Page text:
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Being Greek at MIT

Guest Column
Damien Brosnan

Throughout my three years here at MIT, I have been involved in many different activities that have benefited both myself and the community to which I belong. The Undergraduate Association, crew, track and field, and now the Interfraternity Council and Class Council have been a very large part of my life and my educational experience here. I also happen to be a member of a fraternity.

My identity on campus is invariably tied to my Greek affiliation, and why shouldn’t it be? I am proud of my fraternity and what it does for me and my fellow brothers. I am also proud of the things that my fraternity accomplishes on campus, largely through the leadership positions that my fellow brothers get involved in. We make a positive difference on this campus, and the same can be said about at least a few members of every FSILG on campus.

I believe in the principles of my fraternity and try to live by them in my daily actions. I show truth in my convictions and the actions I take for the student body, courage in my ability to take on new challenges, faith in my brothers and friends that they will help me when I need it, and power from the knowledge that I can make a difference in the lives of the people within the FSILG community.

In a column written in The Tech last week, the author attempted to describe this way of living life as being formed from certain cult-like behaviors and rituals that caused me to join my fraternity and get involved in it, and also alleged that the reason we fall into such behavioral patterns has to do with psychological tactics used on us in our innocent MIT youth. This whole argument is straight-out ridiculous, both from the loosely analytical basis on which it stands as well as from a plain old common-sense perspective. How so? I’m glad you asked.

First off, the columnist asks, “Why the prevalence of new members in the fraternities and sororities?” That is a good question to ask. The answer is that the MIT student body is diverse and the choice that we afford freshmen (at least until 2002) enables them to choose a living option where they believe they will fit in best, whether that be a dormitory or an FSILG. The columnist basically insults the entire concept of freshman choice by saying that freshmen don’t have a choice, and that we as upperclassmen never had any choice, due to the implementation of these psychological cult tactics. That is something that I cannot possibly agree to as being the truth, and I hope that you won’t find many people that would.

The analytical conclusions drawn from invoking the teachings of 9.00 are equally in error. At one point in the argument, the fact that psychological studies show that those who endure hardship in order to join a group show more loyalty to said group than those that don’t is brought into play as a supporting point of the existence of psychological tactics akin to cult behavior. I believe that it is this very fact that speaks to the strength of our Greek organizations and the members within it.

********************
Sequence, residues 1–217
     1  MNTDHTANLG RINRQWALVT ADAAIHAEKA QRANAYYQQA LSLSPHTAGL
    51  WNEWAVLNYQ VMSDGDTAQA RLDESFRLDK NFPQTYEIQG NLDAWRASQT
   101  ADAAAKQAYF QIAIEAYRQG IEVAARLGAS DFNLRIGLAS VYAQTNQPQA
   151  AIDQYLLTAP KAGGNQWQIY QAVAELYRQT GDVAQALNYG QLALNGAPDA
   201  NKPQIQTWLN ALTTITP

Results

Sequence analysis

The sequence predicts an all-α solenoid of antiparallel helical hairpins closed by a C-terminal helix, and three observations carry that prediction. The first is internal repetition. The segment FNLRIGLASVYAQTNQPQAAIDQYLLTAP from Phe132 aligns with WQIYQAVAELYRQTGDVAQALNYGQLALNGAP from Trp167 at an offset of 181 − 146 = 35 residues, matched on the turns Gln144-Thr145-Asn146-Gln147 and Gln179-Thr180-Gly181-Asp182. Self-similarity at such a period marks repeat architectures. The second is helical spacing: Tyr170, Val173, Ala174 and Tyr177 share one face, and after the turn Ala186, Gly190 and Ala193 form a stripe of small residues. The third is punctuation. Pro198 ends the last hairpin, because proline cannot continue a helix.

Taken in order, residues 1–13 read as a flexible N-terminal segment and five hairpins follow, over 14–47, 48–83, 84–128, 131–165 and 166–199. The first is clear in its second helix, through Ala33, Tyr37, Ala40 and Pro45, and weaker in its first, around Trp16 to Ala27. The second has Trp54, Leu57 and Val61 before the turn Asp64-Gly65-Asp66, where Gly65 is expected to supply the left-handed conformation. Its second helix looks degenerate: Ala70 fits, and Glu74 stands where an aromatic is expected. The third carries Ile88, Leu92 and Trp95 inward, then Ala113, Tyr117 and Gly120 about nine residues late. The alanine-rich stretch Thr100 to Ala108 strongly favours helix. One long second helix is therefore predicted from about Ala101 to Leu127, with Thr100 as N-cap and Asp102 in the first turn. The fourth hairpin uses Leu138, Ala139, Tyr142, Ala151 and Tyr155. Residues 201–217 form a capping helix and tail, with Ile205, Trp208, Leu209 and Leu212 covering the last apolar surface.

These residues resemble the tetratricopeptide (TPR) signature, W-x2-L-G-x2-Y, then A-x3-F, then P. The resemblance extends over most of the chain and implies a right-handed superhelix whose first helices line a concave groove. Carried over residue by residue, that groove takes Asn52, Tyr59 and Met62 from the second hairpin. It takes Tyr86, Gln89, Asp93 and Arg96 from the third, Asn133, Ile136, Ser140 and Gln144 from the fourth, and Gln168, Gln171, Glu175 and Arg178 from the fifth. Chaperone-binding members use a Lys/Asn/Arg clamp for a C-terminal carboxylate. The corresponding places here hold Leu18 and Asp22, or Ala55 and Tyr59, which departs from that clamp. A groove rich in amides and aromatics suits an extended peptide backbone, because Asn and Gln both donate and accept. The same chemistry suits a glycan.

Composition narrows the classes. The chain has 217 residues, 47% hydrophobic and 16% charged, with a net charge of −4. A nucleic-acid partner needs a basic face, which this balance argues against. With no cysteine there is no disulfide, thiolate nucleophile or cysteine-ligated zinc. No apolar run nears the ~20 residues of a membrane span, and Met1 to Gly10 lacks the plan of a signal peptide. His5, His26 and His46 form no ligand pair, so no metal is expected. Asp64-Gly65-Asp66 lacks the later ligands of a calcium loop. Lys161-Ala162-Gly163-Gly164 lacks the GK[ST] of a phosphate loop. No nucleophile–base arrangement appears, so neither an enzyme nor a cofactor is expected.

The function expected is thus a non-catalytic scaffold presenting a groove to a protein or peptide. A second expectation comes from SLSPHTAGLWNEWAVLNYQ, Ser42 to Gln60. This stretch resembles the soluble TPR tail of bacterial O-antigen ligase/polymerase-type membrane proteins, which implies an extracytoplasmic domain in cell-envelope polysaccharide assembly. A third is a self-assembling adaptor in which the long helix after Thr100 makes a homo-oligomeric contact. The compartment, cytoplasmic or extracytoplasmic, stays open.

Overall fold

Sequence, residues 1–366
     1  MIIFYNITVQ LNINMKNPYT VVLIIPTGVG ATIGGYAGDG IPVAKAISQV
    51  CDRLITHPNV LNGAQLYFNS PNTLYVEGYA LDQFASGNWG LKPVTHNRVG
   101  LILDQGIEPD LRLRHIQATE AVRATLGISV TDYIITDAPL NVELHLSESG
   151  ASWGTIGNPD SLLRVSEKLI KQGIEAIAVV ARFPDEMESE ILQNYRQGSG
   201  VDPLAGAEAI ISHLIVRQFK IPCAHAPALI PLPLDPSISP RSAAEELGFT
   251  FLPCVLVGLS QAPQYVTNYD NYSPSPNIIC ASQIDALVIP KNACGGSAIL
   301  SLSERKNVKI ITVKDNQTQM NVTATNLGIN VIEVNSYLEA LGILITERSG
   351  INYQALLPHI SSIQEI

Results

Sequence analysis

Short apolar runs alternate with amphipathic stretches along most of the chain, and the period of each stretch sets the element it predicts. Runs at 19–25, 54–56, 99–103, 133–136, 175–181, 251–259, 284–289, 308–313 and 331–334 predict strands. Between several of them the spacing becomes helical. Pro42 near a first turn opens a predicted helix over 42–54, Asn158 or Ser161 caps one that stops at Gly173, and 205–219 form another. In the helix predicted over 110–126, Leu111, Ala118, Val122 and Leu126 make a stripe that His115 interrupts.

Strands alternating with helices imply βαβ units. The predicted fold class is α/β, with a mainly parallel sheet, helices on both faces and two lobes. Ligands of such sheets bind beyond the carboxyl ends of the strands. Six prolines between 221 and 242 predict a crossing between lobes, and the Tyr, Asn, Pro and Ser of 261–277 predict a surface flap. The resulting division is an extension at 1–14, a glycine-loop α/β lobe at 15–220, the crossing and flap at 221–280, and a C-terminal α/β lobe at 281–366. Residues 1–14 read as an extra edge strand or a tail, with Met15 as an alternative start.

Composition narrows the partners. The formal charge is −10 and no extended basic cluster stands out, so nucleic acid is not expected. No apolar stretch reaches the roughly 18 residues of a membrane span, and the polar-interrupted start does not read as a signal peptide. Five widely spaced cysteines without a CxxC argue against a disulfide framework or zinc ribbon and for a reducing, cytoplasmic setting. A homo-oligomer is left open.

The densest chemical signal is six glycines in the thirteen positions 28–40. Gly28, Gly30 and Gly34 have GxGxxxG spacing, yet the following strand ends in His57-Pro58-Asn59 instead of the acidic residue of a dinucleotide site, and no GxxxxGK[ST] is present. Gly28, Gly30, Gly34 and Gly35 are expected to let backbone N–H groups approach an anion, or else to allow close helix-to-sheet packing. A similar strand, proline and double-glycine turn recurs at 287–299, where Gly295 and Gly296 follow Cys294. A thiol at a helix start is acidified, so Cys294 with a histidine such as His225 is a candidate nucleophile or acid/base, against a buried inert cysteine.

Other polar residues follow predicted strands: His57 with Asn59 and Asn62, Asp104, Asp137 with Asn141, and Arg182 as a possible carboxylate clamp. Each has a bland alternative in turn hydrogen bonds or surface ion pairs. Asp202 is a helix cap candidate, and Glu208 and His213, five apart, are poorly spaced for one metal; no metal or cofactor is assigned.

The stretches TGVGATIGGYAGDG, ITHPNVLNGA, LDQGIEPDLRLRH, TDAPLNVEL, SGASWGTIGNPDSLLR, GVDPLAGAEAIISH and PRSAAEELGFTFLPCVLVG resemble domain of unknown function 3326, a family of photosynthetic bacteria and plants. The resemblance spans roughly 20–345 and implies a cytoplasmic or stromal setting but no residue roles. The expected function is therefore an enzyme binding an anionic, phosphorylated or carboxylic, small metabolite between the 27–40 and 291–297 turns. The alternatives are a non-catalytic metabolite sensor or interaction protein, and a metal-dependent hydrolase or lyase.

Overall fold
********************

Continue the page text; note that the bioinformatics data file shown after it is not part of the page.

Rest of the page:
When I first came here to MIT, I was looking for a place to live where I would have an image carved out for me and something to lose my own identity in for its own greater good. Basically, I was very insecure. But I couldn’t find that anywhere in any fraternity because being a member of any group I was interested in meant undergoing sacrifices of at least some of my time as well as a willingness to challenge my beliefs and see if they go along with those of my future brothers. I basically was forced to become my own person and create my own identity to be considered a worthwhile member of any house.

We don’t want sycophants in our system, nor people with no idea of who they are. Contrary to what the columnist would have you believe, we hold ourselves to a higher standard of membership than that. Professor Pinker must be quite disappointed at the misuse of his teachings. There’s also the common-sense interpretation of these facts that say that the more you invest yourself into something, the more personally responsible you feel for it and the more loyalty you will have for that group.

You have to earn the right to be in a fraternity or sorority here. Membership is a privilege that is to be earned constantly through all of the years that you belong to the group, and privileges require work to attain them.

The list of flawed points in the article goes on and on (such as the use of, at best, second- hand information from other schools given to the columnist by people whose lives are probably more like the columnists than the Greeks they speak of), so I will stop here and issue my own challenge to everyone. I urge you to do a really hard thing: evaluate yourselves. Instead of wondering whether or not you will lose your identity and become a mindless second-class zombie or something like that, take a look at yourselves and ask, “Do I have what it takes to be a productive member of a group that is greater than the sum of its parts? Am I strong enough as an individual to know that about myself?”

I think the answer might inspire you and help you realize that you are worthy of such an endeavor. Then again, the answer might depress you, and possibly make you bitter towards a system that you don’t deserve. But then again, what do I know: I might be nothing more than just a brain-washed cocky fratboy with nothing but rushing freshmen and “proper frat party etiquette” on his mind.

What makes someone an individual? You decide.

Damien A. Brosnan ’01 is a member of Delta Tau Delta and Interfraternity Council President.